Pain

Take Action Now to Require Insurance to Cover Acupuncture!

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Recent attention on the Opioid Crisis has highlighted the incredible numbers of people suffering from chronic pain.  Changes in national and state laws are being made.  Here in Rhode Island, we are nearing votes on bills in our general assembly:

http://webserver.rilin.state.ri.us/BillText19/SenateText19/S0068.pdf

http://webserver.rilin.state.ri.us/BillText/BillText19/HouseText19/H5120.pdf

These would require insurance companies pay for non-opioid pain treatments including acupuncture, massage therapy, physical therapy and occupational therapy.  If you value acupuncture, and wish to assure its coverage by your health insurance, please consider contacting one or more of our state senators or representatives.  Here are some easy ways, including a sample letter from our Rhode Island Society of Acupuncture:

It’s time to take action.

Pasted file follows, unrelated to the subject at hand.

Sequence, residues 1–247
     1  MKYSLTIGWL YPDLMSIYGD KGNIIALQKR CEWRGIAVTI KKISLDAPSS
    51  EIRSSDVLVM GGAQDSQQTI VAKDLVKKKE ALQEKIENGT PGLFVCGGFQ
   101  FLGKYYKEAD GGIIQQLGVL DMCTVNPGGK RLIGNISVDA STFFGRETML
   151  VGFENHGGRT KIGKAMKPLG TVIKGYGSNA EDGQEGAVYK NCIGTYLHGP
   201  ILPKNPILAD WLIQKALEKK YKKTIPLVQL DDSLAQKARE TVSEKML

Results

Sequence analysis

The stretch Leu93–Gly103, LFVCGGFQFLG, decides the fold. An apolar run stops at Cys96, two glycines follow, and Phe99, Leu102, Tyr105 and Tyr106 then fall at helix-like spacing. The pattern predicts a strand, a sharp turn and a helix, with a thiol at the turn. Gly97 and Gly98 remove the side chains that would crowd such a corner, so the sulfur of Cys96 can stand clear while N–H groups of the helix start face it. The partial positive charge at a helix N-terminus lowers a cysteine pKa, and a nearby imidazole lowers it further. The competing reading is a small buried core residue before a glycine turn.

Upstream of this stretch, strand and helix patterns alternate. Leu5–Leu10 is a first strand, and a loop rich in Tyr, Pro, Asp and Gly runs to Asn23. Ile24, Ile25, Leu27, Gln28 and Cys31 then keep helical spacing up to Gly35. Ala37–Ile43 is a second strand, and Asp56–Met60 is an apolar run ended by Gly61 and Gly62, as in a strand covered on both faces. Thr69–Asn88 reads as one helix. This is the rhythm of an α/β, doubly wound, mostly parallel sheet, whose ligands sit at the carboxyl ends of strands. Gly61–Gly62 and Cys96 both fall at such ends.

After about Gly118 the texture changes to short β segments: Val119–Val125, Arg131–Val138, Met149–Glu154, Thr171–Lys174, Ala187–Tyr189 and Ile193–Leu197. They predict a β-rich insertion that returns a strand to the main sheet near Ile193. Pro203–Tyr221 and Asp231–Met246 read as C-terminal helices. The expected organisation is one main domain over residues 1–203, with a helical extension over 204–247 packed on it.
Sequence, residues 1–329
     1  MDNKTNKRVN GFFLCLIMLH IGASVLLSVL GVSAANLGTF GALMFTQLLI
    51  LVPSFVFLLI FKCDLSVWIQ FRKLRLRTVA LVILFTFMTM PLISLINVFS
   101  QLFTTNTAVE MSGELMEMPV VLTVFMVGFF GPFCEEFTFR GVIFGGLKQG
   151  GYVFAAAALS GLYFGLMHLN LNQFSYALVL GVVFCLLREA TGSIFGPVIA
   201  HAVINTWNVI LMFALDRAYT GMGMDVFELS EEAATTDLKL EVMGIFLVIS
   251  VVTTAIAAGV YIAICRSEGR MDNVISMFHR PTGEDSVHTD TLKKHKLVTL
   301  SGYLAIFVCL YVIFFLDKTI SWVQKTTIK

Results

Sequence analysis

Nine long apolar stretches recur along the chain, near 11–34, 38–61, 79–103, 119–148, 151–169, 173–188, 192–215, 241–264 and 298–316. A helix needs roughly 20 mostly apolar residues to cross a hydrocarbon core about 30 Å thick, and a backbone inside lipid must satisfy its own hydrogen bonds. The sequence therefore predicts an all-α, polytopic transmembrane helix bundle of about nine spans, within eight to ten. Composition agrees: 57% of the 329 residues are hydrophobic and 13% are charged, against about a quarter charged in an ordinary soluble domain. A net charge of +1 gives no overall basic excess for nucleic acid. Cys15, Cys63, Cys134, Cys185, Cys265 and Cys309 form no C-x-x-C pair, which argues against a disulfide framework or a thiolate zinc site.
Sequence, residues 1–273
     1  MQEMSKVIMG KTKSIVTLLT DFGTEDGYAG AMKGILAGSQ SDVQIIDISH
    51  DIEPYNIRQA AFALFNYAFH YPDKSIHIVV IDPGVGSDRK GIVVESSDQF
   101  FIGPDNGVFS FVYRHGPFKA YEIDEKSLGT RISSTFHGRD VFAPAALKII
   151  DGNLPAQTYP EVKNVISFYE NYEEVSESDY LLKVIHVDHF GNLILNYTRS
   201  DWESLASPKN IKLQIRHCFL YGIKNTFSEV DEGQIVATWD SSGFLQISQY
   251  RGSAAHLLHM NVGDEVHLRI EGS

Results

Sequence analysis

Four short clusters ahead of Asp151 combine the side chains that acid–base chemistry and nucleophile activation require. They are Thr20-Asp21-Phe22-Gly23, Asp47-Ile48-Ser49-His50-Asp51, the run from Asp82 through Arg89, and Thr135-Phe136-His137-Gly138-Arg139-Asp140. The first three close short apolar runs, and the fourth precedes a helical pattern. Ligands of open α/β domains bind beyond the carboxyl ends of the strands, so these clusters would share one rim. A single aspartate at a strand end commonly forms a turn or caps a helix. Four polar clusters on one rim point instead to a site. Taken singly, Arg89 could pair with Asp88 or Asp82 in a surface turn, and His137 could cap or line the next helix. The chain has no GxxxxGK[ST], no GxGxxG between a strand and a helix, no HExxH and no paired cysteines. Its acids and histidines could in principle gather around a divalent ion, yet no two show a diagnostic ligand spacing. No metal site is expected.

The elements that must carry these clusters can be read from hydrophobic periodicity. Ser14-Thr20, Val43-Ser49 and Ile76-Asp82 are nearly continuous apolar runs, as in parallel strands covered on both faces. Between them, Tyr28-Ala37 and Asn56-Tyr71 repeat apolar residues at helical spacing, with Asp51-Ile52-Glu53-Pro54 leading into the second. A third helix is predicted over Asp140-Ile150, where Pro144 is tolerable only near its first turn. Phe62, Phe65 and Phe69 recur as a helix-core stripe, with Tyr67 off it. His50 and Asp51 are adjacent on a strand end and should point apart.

The bills requiring insurance coverage for acupuncture and other non-opioid treatment modalities are at a crossroads.  We need your help.  Please copy and past this form letter below, modify it to personalize, and send to the Representatives and Senators on this list ASAP.

Urge your friends, and family to do the same!

House Bill H5120

The Honorable Nicholas A. Mattiello, Speaker of the House of Representatives     Rep-mattiello@rilegislature.gov
The Honorable Joseph M. McNamara, Chairman of House HEW                                rep-mcnamara@rilegislature.gov
The Honorable Michael A. Morin, Primary Sponsor of 2019 H5120                           rep-morin@rilegislature.gov